Lübeck: City of Seven Spires

By Megan Hulshizer

In Hamburg there is a saying: Für einen echten Hamburger gibt es in Hamburg sowieso nie schlechtes Wetter, nur falsche Kleidung (for a real Hamburger, in Hamburg there is no bad weather, only wrong clothes).

Even though the forecast predicted cold, grey, rainy weather, a group of us decided to brave the weather and take a train north to Lübeck for a Saturday adventure. Fortunately, we were greeted with blue skies and an insane sunset that evening. This further supports our claims to never trust the local weather apps and just hope for the best.

Upon arrival in Lübeck, we came across the Holsten Gate, which is a symbol for the city. As we took fun pictures in front of the gate, a group of tipsy revelers passed by and threw confetti in the air – clearly celebrating something at 11 am. We were a bit confused but as we walked around and saw more and more, we realized it was the traditional celebration of university students during their first week of school. They wear funny hats and/or clothes, and have to complete different challenges and drink a lot.

We wandered through the main square by the Rathaus and found ourselves in a marzipan shop with many delicious looking treats and snacks. It made me so excited for the Christmas markets that soon will be flooding the whole country.

Then we visited St. Marienkirche, which houses a very interesting astronomical clock. When the bell strikes, miniature people of all nationalities (depicted in a slightly non-PC way) come out and are blessed by a miniature Jesus. Also inside they show destroyed bells from when the church was bombed during World War II.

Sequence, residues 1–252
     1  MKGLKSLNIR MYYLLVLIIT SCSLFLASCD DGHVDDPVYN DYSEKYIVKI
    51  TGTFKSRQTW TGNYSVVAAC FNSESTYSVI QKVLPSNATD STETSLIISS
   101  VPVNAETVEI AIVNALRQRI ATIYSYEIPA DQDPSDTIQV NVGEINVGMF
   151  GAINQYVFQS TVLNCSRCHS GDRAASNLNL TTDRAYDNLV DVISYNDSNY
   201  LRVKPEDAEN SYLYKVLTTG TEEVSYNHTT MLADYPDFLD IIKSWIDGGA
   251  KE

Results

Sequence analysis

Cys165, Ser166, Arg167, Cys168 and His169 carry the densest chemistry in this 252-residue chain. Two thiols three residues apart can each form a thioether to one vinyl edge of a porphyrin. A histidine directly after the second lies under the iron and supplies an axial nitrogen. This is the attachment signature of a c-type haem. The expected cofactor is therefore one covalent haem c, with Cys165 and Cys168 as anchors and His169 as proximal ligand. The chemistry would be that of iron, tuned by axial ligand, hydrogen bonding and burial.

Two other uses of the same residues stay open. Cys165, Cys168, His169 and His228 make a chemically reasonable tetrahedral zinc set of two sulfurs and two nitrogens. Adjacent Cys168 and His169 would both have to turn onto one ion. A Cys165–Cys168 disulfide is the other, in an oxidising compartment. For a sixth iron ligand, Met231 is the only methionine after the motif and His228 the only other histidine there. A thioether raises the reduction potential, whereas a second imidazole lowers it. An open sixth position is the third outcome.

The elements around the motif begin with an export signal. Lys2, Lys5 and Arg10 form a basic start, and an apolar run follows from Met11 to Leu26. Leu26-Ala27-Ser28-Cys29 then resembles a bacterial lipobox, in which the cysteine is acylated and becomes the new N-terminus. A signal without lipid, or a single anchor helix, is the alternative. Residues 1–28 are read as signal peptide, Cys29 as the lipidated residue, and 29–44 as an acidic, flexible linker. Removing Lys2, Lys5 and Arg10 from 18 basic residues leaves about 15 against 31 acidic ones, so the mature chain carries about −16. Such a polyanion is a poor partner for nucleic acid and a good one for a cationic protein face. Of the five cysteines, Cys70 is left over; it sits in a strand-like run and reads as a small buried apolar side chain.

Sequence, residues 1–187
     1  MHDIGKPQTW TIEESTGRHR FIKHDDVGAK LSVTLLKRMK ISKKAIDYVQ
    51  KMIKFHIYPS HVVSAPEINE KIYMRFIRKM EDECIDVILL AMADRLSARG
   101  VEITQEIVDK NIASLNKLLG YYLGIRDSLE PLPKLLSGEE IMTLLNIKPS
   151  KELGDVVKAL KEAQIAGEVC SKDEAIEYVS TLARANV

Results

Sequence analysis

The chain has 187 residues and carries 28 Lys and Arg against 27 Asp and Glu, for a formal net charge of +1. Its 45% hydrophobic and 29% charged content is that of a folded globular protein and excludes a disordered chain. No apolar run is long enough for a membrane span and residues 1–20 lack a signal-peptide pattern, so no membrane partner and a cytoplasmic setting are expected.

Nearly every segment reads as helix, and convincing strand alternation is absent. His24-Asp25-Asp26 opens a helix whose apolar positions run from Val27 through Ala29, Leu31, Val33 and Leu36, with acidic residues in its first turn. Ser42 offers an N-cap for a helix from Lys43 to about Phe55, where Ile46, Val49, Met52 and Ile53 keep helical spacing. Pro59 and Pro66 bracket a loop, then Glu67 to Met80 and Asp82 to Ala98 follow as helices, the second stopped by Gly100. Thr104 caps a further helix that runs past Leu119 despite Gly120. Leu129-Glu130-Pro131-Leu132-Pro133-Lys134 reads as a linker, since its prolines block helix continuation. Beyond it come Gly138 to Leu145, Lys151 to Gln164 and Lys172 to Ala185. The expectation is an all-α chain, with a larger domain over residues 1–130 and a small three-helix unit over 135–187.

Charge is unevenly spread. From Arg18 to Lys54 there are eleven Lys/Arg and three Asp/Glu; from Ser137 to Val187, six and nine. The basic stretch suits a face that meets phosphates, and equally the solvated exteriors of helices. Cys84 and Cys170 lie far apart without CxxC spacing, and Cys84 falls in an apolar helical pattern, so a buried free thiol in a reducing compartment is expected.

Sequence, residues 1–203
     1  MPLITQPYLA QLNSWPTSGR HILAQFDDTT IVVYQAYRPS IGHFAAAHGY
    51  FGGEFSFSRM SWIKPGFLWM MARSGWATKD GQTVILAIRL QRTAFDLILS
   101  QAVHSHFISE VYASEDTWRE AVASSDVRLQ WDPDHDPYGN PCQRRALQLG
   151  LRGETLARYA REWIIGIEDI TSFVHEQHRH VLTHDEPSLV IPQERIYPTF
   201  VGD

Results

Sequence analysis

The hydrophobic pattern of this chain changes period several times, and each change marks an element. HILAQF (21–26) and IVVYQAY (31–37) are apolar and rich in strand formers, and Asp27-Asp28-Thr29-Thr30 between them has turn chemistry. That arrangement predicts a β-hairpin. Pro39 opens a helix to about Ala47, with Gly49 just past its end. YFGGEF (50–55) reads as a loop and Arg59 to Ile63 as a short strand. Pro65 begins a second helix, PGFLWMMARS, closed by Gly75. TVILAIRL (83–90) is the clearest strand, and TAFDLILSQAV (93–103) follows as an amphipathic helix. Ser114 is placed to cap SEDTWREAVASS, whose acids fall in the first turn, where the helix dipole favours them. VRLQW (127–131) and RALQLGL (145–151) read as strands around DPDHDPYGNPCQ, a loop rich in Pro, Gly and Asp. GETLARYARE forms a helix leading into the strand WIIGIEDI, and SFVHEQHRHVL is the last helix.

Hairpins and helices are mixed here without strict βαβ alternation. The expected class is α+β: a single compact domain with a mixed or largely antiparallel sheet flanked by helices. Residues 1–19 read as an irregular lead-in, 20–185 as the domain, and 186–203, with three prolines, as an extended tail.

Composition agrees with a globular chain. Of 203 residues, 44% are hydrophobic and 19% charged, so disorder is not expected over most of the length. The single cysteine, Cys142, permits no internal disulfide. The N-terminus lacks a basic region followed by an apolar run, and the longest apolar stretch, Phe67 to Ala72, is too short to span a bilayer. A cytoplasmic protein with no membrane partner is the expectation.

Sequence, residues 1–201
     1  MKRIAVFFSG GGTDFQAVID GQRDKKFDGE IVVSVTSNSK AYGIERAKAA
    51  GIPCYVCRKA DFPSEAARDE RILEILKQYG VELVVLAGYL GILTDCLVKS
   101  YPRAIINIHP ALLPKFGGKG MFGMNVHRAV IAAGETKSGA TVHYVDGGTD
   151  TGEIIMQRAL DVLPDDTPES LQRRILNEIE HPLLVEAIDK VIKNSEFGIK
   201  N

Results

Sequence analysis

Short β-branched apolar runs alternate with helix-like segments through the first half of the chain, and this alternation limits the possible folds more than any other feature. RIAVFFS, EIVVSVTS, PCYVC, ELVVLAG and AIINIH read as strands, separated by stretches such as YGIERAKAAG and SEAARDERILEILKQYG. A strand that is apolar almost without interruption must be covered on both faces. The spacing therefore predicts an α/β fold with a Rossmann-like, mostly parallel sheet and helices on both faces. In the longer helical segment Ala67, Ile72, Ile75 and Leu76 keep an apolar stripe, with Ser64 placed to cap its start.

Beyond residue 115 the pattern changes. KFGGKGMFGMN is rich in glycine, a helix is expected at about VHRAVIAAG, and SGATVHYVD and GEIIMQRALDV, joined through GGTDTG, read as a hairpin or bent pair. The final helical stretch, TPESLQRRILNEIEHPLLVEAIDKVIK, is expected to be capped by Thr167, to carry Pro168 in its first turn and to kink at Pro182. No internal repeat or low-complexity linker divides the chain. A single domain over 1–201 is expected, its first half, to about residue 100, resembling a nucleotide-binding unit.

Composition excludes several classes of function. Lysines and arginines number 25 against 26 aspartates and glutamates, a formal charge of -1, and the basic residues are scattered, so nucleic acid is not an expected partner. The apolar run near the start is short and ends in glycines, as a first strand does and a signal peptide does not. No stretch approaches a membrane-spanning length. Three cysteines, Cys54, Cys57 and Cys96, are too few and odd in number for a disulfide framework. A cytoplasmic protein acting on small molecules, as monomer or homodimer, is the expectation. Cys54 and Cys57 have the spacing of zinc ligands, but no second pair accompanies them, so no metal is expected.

We needed to have lunch and warm up a bit, so we stopped at Cafe Calma and I had an amazing cafe Baileys and a pumpkin-apple-coconut milk soup. I offended the waitress horribly by being unable to eat it all, but in my defense I asked if I could get the appetizer size and was turned down.

Our group visited the beautiful Lübeck cathedral before stopping at Thomas Mann’s home. He is a Nobel prize-winning author who’s most famous work, Buddenbrooks, is inspired by his family’s home in Lübeck. We wandered the cute streets of the city, which has beautiful, brightly colored buildings, and had a snack at the Fisch-hutte. Despite my general “meh-ness” toward seafood, I had an amazing fried fish sandwich that is pushing me closer to accepting seafood as an option for dinner. (I did have a Hamburg fish breakfast at school the other day, and I must say I am not yet sold on seafood for breakfast).

Finally it was time for a drink, so we went to Cafe & Bar Celona, because it was right along the water and we could watch the sunset over the city. They also had wifi so I could check my football scores, which is incredibly important to me. However, the others did not seem to understand that OU/TX weekend overshadows everything.

It was such a beautiful city, and along with my amazing friends, I had a wonderful weekend exploring more of the north. I’ve been told many times that I’ll have to return when the weather is nicer so I can experience the beach, and now I know that I must go!

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